However it is still important to understand the mechanics of power and influence online. In fact Business week recently named owner of   Techcrunch , Michael Arrington as one of the 25 most influential people on the web.

Advertisers can no longer push their message onto people in the online space. They need to work out how to build their brand into user’s communications and leverage opinion leaders. This is a major objective for SMO.

Building a brand into online communications can present problems for companies if they are the victim to negative comments. An example of this was last year’s Whirlpool forum attack on 2Clix who’s software was criticized in a large thread. 2Clix estimated they lost $150,000 per month over 7 months equating to over one million dollars in lost revenue. There were 195,000 users on whirlpool at the time and this does not include the multitude of anonymous visitors viewing the posts (http://whirlpool.net.au/article.cfm/1753).

In the modern world, people and technology are inextricably linked. As our ways of communicating online shift, new technology is developed to facilitate that interaction. Conversely, new technologies create demand and alter current ways of communication and notions of community.

From an SMO perspective, advertisers need to understand there is a bilateral relationship between social change and technological evolution and as an advertiser; how do the two of these work cohesively to produce new modes of communication, meaning, connections, categories and ontology?

Does a new technology create demand for itself, or does our need for something demand the development of a technology?

For example, Google’s Open Social is a combination of both a technical development and a social need to make technology simpler.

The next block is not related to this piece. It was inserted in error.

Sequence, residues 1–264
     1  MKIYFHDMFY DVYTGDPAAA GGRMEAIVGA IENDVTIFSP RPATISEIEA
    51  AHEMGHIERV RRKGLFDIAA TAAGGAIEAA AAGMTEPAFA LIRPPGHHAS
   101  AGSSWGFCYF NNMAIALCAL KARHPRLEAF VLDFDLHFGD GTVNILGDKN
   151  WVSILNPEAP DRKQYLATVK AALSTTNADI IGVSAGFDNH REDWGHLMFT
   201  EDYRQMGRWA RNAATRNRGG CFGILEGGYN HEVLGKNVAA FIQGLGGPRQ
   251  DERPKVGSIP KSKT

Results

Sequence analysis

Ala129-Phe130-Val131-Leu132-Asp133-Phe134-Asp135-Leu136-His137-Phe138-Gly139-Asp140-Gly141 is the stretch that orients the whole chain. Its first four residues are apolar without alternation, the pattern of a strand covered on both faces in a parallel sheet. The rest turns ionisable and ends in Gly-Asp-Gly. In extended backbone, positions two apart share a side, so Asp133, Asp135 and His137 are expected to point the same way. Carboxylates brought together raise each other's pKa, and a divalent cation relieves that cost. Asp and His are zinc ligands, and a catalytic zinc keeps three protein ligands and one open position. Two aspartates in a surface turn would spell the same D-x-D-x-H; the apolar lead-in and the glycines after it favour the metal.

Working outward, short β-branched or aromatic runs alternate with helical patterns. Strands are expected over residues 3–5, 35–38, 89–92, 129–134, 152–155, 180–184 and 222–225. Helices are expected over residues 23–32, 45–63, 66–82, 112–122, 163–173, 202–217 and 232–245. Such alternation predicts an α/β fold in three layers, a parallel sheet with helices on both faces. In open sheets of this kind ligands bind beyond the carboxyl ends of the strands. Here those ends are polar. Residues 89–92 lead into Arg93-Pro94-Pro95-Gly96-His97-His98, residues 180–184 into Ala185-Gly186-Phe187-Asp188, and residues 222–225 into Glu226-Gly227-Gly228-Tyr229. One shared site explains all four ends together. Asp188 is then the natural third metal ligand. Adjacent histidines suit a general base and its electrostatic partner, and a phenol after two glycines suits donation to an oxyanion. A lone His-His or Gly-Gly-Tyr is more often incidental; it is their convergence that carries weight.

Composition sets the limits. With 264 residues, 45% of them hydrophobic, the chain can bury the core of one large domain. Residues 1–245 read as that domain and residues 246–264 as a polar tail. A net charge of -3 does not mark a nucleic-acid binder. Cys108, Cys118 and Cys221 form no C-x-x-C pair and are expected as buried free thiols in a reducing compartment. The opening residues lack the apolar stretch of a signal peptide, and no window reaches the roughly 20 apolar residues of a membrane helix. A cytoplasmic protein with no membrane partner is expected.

There are currently thousands of niche social networks out there in the web. These networks are closed systems and require users to signup to each one individually, re-create their friend network and comments etc.

Google’s Open Social is an emerging technology which provides a standard for a way these social networks can interact with each other. Each separate social network can now connect to a super social network. This will undoubtedly add another dimension to SMO which digital agencies will need to quickly embrace.

Nielson has just released a research report which looked at box office performance of 400 recent films, and found that the films that grossed at least $100 million in sales were more likely to have been blogged about (not exactly profound!). ([http://www.mediaweek.com/mw/news/recent_display.jsp?vnu_content_id=1003723083]).

Did the popularity of the films encourage bloggers to write about the films, or did the bloggers help make the films popular?

Can you quantify to what degree the former influences the latter? And how can you implement an SMO methodology which is fluid enough to understand such a complex process, yet scientific enough to prove results to clients?

For advertisers, effective SMO is not about trying to infiltrate forums and blogs to promote your brand. What we want to do is create interesting content with a strong ‘hook’ and bait other people to comment on it – to build our brand into communications by providing information that is remarkable, high value and relevant to specific groups of people.

The question is, what are you doing to understand and harness the power of SMO?

Source by Daniel A Addington